AVON — Nicki Mills grew up in a small northern Minnesota town, working the food bank alongside her grandmother, mother and aunt and hanging out in the deer stand every hunting season. She founded a K-8 Montessori School and worked in the coal industry.
Now she is running as the Republican candidate for House District 26, which represents Eagle and Routt counties in the mountains around Steamboat Springs and Vail.
Mills laments that when she looks at what’s happening to Colorado, the state she loves and has called home since 2008, she is at a loss for words.
“I’m sick and tired of going to my friends’ going away parties because they can’t afford to live here because of the high cost of housing and healthcare,” Mills said. “That is really sad, and it’s one of the driving forces, and why I hope to make a difference.
She is facing Dylan Roberts, who was appointed to the seat in Oct. 2017 to replace Diane Mitsch Bush, a Democrat who is running for U.S. Congress.
Mills believes her maturity and life experiences are better equipped to cross party lines and get the work done.
“Not being a career politician allows me to be able to reach across the aisle and get people to work together,” she said. “I think that has been one of my lifelong skills, bringing people together. I haven’t seen evidence of cooperation across party lines from my opponent. That’s where I think I’m going to make the difference because I’m a relationship person.”
Mills sat down with Complete Colorado to talk about her stance on all the issues facing Colorado.
TAXPAYER’S BILL OF RIGHTS (TABOR) — “That is something I want to see continue. As a taxpayer, I am so happy that I have rights that allow me make decisions about where my tax dollars are going. I come from Minnesota, and there we don’t have TABOR, so our income taxes are higher. Our property taxes are higher. Our sales taxes are higher. I think Colorado has done a good job of keeping them lower because we have TABOR in place.”
EDUCATIONAL CHOICE — “I’ve always been a big advocate for school choice. At 16, I had the opportunity to take my high school classes in college and get credit for both. That really gave me an advantage in life, getting ahead of the game. So, when it comes to other parents I want them to have that choice in where they send their kids. Having alternatives really opens the doors for innovation, and we should promote schools that are working toward being innovated and changing the standards. Anytime there is innovation it improves test scores. But what we’re doing now is putting more and more money into education, and we’re not seeing big improvements.”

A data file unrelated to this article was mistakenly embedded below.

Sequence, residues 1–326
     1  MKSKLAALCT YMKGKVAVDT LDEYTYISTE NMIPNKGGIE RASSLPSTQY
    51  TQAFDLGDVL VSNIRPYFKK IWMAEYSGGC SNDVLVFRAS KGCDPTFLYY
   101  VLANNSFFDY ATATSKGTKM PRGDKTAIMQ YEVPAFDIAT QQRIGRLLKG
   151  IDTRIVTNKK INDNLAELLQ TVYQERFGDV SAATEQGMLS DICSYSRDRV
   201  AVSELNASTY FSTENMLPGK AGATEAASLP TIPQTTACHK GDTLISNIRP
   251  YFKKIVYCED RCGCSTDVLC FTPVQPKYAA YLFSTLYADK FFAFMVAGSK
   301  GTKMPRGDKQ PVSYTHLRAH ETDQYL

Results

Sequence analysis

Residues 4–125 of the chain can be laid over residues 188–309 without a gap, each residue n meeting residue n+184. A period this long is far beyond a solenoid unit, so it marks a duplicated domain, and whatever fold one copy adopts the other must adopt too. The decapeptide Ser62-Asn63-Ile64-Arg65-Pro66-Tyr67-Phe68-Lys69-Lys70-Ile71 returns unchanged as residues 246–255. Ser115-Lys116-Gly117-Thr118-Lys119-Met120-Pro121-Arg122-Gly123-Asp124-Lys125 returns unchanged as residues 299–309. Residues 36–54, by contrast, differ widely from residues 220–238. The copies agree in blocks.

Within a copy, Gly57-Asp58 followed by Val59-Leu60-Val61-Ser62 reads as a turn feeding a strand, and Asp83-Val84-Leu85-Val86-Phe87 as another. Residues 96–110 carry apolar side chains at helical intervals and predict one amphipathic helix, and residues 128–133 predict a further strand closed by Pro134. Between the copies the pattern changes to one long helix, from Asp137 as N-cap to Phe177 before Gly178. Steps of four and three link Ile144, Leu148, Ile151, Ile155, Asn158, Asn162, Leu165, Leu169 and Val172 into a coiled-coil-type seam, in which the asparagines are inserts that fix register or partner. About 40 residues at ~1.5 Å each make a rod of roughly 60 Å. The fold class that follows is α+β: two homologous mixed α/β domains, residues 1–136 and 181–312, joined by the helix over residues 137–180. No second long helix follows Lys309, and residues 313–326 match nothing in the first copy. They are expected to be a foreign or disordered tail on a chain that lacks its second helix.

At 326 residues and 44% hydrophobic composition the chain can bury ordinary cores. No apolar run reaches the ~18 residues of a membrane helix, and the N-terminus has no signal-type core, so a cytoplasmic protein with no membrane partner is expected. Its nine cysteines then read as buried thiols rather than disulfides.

ENERGY — “Reaching toward a goal of 100 percent renewable energy is really expensive. It would be so costly to Colorado. Right now, we have a good economy going. To lose the energy industry in oil and gas and coal would be really devastating in the amount of jobs that would be lost, as well as all the taxes that are generated, property taxes, income taxes, severance taxes. We would lose so much of that. I think it would be devastating to our economy and everyday life. What we would be paying for our electric bills and our utility bills would be one more reason that people wouldn’t be able to afford living here. We need to support all forms of energy.”
TRANSPORTATION — “I think because I come from a small town, my focus would be on our local community. A main concern of my constituents is travel between here and Denver on I-70 because a lot of times we have traffic jams that set you back hours, and that can be very costly. Right now, we pay taxes that go into the big state budget and there is money available through the budget. Let’s use that first. I’ve talked to people (in the state House and Senate), and I do think the money is there. I also know that CDOT has a priority for their plan, but I’m not sure their priority should be all of Colorado’s priority. Just because they say it’s a priority doesn’t mean it’s in the best interest, for example, of the Western Slope.
SECOND AMENDMENT — I come from a background of growing up in the woods, and I have fond memories of being in the deer stand with my mom when I was very, very, young. And that is a tradition I want to continue with my children. I want them to be able to have the same rights that I grew up with, so when there is talk of the government imposing more and more restriction on those rights, that makes me worried. An AR-15 is a semi-automatic gun that I don’t believe that just because people have associated that name with something scary, that we should take always people’s rights to own them. The magazine ban I don’t think is effective in making a difference in the safety issue people try to connect to it.”
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